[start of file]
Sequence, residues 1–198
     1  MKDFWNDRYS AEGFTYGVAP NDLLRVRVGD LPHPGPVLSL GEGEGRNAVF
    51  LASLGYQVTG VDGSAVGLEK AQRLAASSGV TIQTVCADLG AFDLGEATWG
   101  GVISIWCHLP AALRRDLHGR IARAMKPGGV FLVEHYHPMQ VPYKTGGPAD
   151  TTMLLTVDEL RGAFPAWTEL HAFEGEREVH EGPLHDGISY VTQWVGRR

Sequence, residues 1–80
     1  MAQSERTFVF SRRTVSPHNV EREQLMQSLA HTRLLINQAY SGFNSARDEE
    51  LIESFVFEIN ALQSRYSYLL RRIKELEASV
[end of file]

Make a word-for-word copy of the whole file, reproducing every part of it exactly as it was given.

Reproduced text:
Sequence, residues 1–198
     1  MKDFWNDRYS AEGFTYGVAP NDLLRVRVGD LPHPGPVLSL GEGEGRNAVF
    51  LASLGYQVTG VDGSAVGLEK AQRLAASSGV TIQTVCADLG AFDLGEATWG
   101  GVISIWCHLP AALRRDLHGR IARAMKPGGV FLVEHYHPMQ VPYKTGGPAD
   151  TTMLLTVDEL RGAFPAWTEL HAFEGEREVH EGPLHDGISY VTQWVGRR

Sequence, residues 1–80
     1  MAQSERTFVF SRRTVSPHNV EREQLMQSLA HTRLLINQAY SGFNSARDEE
    51  LIESFVFEIN ALQSRYSYLL RRIKELEASV